Business Start-Up Checklist

Trying to start up a business can easily overwhelm a new entrepreneur, and even seasoned entrepreneurs are not guaranteed success in their endeavors. With a little organization and planning, however, running a start-up -- while challenging -- can be both financially and personally rewarding.There is much to consider, such as choosing a legal structure (LLC? Sole proprietorship?), determining your industry niche, and finding adequate sources for funding. You can find location-specific information by checking out State Resources: Starting a Business.

The following checklist will help new business owners organize their start-up activities and put them on the road to success. FindLaw's Starting a Business section has links to additional articles and resources to help you get started.

Testing the Waters

___ Use a break-even analysis to see when and how your business idea can generate profit.

___ Establish a business plan.

___ Create a marketing plan.

___ Locate financing, whether from equity investors, banks or family and friends.

Pick a Name

___ Brainstorm until you have several names that fit your business.

___ Check to see if your ideas are available as domain names.

___ Conduct a trademark search at the federal and state levels. If the name you want is already a trademark, determine if your use of the name would cause consumer confusion.

___ Ask your county clerk's office if anyone has already registered any of the names on your list as a fictitious business name.

___ If you are structuring your business as a corporation or LLC, check with your Secretary of State to see if any of your proposed names are not available.

___ Choose a name!

Consider Your Legal Structure

___ Investigate the different types of business structures:

___ Count how many owners the business will have.

___ Assess your business risk.

___ Determine the best tax structure for the business.

___ Decide if you'd like to sell stock in the business.

___ Consult an attorney or other business expert for advice on business structures.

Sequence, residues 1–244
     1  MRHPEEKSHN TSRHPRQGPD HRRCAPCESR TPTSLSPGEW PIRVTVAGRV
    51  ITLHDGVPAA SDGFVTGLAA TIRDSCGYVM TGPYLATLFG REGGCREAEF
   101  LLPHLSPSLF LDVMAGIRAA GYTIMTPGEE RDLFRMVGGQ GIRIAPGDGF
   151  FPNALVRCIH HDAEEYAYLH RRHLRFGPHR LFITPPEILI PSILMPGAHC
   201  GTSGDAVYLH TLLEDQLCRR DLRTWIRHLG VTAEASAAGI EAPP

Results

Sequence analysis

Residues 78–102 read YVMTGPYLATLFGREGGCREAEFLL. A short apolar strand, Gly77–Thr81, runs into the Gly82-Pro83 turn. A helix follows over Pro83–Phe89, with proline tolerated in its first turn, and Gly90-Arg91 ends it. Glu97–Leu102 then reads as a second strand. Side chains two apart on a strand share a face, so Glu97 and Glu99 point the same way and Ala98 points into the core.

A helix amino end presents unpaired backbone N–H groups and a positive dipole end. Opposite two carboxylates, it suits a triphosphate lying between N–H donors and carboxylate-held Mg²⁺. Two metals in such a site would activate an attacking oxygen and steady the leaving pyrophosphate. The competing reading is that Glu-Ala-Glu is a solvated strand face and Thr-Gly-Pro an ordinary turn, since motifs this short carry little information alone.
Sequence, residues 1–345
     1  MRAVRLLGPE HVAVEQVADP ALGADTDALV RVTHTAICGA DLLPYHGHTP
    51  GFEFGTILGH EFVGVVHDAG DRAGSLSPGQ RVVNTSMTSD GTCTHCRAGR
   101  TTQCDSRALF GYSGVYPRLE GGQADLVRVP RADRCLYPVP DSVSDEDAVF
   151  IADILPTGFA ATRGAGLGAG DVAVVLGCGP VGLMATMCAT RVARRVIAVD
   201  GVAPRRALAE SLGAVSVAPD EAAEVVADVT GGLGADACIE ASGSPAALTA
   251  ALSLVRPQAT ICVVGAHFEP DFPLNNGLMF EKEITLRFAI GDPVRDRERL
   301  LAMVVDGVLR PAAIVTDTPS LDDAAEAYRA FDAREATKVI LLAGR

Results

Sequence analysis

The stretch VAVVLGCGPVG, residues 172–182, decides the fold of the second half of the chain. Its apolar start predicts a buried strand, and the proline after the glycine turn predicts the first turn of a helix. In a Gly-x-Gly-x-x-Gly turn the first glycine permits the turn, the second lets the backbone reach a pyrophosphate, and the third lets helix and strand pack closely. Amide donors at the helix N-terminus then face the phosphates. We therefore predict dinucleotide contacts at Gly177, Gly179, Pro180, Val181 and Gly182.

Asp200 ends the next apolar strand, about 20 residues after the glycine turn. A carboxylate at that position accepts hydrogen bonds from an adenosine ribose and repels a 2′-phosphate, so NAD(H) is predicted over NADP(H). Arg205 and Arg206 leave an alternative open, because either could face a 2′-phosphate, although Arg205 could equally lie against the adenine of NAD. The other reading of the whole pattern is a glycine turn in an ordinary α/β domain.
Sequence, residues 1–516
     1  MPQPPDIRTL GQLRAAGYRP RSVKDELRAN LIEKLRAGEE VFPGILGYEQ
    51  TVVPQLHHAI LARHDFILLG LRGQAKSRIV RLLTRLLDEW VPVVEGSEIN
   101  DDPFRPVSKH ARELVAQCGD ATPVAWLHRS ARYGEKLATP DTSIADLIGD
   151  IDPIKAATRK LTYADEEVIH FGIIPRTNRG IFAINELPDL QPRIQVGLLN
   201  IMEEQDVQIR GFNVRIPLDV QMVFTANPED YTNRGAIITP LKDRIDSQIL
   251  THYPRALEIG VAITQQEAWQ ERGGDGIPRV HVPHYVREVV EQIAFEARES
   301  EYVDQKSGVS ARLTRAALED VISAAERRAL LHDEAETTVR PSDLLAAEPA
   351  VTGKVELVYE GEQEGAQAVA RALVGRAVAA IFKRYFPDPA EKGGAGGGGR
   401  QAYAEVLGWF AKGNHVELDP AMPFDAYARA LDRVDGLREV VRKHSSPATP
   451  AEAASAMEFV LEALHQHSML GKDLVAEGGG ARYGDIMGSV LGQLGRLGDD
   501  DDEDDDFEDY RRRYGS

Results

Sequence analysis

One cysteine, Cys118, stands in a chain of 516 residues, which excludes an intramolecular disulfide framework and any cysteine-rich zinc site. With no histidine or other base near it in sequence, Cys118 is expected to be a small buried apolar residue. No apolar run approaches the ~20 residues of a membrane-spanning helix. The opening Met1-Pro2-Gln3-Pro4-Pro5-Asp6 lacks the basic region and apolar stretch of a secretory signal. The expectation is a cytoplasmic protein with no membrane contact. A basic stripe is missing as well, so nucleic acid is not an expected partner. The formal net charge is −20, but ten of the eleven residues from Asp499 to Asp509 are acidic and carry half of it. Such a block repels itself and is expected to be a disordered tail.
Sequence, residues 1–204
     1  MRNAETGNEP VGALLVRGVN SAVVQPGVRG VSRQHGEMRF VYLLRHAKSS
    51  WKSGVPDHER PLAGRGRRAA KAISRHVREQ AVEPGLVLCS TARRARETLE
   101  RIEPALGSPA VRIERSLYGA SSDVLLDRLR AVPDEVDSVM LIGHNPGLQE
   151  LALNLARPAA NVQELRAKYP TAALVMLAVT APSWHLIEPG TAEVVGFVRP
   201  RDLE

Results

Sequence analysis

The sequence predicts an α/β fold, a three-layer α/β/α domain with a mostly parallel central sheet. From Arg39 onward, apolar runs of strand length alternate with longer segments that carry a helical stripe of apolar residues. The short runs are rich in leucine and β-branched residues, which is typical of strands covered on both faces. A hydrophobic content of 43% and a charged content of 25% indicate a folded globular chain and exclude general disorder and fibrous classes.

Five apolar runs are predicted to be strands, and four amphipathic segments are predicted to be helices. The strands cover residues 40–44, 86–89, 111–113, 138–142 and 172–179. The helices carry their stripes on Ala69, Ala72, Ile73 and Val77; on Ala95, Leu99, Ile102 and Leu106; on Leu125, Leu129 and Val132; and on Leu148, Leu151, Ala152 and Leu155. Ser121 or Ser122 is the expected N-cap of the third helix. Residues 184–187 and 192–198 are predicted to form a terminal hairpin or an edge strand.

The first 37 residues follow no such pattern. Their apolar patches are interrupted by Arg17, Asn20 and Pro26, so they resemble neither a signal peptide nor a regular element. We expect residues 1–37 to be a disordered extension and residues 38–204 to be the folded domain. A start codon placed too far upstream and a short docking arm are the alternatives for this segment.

Make Your Business Name Official

___ Register for your domain name.

___ If required, register your name as a fictitious business name with your county clerk.

___ File for federal and/or state trademark protection, if necessary.

Create Your Business Paperwork

___ Partnership:

___ LLC:

___ Corporations:

___ Non-Profit

Pick a Place

___ Make a list of the features that your business space will require.

___ Figure out the maximum rent you can pay.

___ Research neighborhoods and determine which one is the best fit.

___ Check the zoning laws for the areas you're considering.

___ Negotiate the terms of your lease.

Buy Insurance

___ Call an agent to get more information.

___ Compare quotes from different companies and for different levels of coverage.

___ If your business uses vehicles, be sure to get liability insurance.

___ Consider getting health insurance, disability and/or life insurance for you and your employees.

___ Get liability insurance for your business space if customers or clients will visit.

___ If your business manufactures dangerous products, buy product liability insurance.

Obtain the Necessary Permits and Licenses

___ For partnerships, corporations and LLCs with employees, file for a federal employment identification number.

___ If you plan on selling retail goods, get a seller's permit from your state.

___ Research and obtain any necessary state licenses.

___ Get a business license.

___ Research any local permits or licenses.

Establish an Accounting System

___ Buy small business accounting software.

___ Choose whether to run your books based on the cash or accrual method.

___ If your business cycle doesn't follow a normal calendar year, pick a fiscal year if permitted.

___ Create a system to monitor accounts payable and receivable.

___ Think about hiring an individual or a firm to help with the books.

Taxes

___ Examine the basic tax scheme for your type of business.

___ Learn the difference between capital and current expenses, and figure out which ones apply to you.

As you can see, there are quite a few moving parts involved in starting a new business. Getting organized now will help you avoid problems and confusion in the future.

Starting a New Business? Get Legal Help

As you can see, there's a lot to do when starting a business. It's a great idea to reach out to a local business organizations attorney to ensure that you're in compliance with applicable laws and regulations as you get your business off the ground. It could end up saving you a lot of time and worry down the road.

Next Steps

Contact a qualified business attorney to help you navigate the process of starting a business.

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